“With the new day comes new strength and new thoughts”

Advanced warning here; this one could get a tad weepy and I think I might be about to gush. Sorry folks! I sincerely apologise for this, but, hold the phone… my baby is turning two. Wow!

In all fairness, I can’t say I’m incredibly surprised by this news! It’s most definitely been on the cards and, in some ways, I wouldn’t even say the last, almost, 731 days (there was a leap year!) have flown by at a ridiculously speedy rate but, well, here it is! He’s about to turn two and, despite the fact that I’m convinced he’ll always be my baby, he’s not so much any more. He’s my little boy!

And not just any little boy, I might add!

A little boy who I’m incredibly proud of. A little boy who fills me, and all those he meets, with utter joy, or at least I like to think it’s everyone he encounters! A little boy from whom I learn a huge amount, daily, and who has taught me more about myself in the last, nearly, 24 months than I’d ever have thought possible. A little boy who has brought, and continues to bring, so much happiness into this world for me. Well, until the “terrible twos” properly ramp up that is! Good job this is going to print before that all important milestone!

I like to believe that every baby is a miracle, however, the story of how Sam came to be is truly miraculous. Despite my drive, and desire, to have a child, after so many failed rounds of IVF, there did come a time when I had to start resigning myself to the fact that I might never be able to conceive and that there was a strong possibility my life was going to play out to be incredibly different from the one I had always envisaged. Determination can only take an infertile so far. It’s then up to science, fate, the will of the Gods – call it what you wish, to decide the eventual outcome.

In my case, I was one of the statistics for whom the odds were, eventually, in my favour.

During my pregnancy, and throughout Sam’s very early life, I’d conjured up a plan about the kind of mother I was going to be. I set my own, rather high, ideals and, as the months of raising my own little being continued, I placed a lot of pressure upon myself to live up to those ivory tower standards I’d created for myself. I think, it’s fair to say, that IVF mothers have a tendency to beat themselves up about raising their child. You see we’ve begged, bargained and beseeched for this opportunity. We’ve traded every belief and every ideal we possibly can. We’ve promised to never lose patience, or moan about being tired, if only we could have this, oh so longed for, child. We’ve vowed to do everything better than the best and so super perfectly. Hell, we’ve negotiated to shame even Mary Poppins if it means we can become parents. But, of course, the heartbroken deals made with your desperate self, the grief-stricken pleas to God, to fate and to any google found fertility deity out there, are not, and cannot, be realistic.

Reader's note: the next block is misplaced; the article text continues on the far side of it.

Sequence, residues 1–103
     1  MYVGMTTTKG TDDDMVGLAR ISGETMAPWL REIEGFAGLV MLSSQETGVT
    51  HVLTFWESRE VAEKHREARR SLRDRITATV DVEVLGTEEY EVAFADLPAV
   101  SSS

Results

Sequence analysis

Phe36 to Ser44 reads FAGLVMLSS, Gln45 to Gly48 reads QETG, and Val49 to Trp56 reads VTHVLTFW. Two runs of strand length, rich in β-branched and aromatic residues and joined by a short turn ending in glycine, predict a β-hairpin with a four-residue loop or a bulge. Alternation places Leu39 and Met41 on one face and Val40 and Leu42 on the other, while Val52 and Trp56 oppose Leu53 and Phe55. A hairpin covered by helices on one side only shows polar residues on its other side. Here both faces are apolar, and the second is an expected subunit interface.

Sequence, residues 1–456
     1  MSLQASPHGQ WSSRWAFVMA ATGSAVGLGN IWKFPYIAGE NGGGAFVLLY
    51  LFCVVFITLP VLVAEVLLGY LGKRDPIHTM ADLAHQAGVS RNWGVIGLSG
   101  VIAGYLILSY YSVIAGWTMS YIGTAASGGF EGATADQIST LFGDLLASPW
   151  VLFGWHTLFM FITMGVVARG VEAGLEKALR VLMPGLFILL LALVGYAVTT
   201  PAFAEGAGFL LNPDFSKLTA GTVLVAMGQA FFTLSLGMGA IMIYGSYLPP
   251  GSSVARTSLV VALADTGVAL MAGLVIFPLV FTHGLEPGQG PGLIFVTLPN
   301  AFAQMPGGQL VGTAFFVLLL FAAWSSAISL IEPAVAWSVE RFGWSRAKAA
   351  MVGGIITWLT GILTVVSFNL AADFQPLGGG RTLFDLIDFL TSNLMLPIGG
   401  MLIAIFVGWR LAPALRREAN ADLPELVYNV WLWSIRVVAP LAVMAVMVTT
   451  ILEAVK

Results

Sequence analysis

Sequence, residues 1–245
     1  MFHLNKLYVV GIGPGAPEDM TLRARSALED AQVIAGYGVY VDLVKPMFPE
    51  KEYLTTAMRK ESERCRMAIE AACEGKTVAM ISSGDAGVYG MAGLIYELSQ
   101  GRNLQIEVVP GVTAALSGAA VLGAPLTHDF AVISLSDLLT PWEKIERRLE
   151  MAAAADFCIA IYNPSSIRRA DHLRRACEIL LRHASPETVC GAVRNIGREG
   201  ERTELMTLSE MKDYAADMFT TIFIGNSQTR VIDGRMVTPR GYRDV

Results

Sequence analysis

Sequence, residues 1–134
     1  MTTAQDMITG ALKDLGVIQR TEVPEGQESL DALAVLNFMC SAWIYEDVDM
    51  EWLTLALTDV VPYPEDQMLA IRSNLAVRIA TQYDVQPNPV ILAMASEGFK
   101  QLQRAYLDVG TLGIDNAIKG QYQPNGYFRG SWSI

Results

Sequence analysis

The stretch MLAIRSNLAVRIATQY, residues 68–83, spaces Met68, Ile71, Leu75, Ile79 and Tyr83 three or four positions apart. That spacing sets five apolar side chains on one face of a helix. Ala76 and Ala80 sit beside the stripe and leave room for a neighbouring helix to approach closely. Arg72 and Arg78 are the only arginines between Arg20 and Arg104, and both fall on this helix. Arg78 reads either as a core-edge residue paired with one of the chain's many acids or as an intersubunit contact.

Like every other mother out there, I do get tired, I can lack patience and of course I make mistakes in my child rearing, but it’s taken me a rather long time to realise that this is actually okay. That I can’t do everything perfectly, after all, I’m just as human as my little human is! What ultimately matters is that, at the end of the day, I have a very happy, mostly (well he is now nearly two!) content, little boy. So what if we don’t do all the arts and crafts I envisaged creating with him? Who knew back in those early days that I’d end up with a child who hates anything to do with paint, gloop and loo rolls, well, I take loo rolls back because obviously he’s able to shout down them and use them for a tunnel. I have genuinely come to believe that it doesn’t matter though! I love being led by Sam and filling our days with experiences that bring both of us pleasure.

And so we do a lot of his favourite things!

We walk Miss P, we eat blackberries from the bushes, stroke the horses, splash in puddles, we gambol on the swings and whoosh down that slide come rain or shine. And we laugh. Together. We sing and read and cuddle and play. And if he refuses to eat anything green, declines my nutritionally balanced home cooked fodder and has eaten an ice cream every day thus far on his holiday? Well, he still eats incredibly well and is a healthy little fruit munching chap. Oh and the time I (dare I even utter these words out loud?) gave him an Annabel Karmel microwave meal, did he malnourish before my very eyes and end up as a heap of clothes, a la the wicked witch in the The Wizard of Oz? Of course he didn’t, he merely refused it with the same gusto he’d refuse my cottage pie.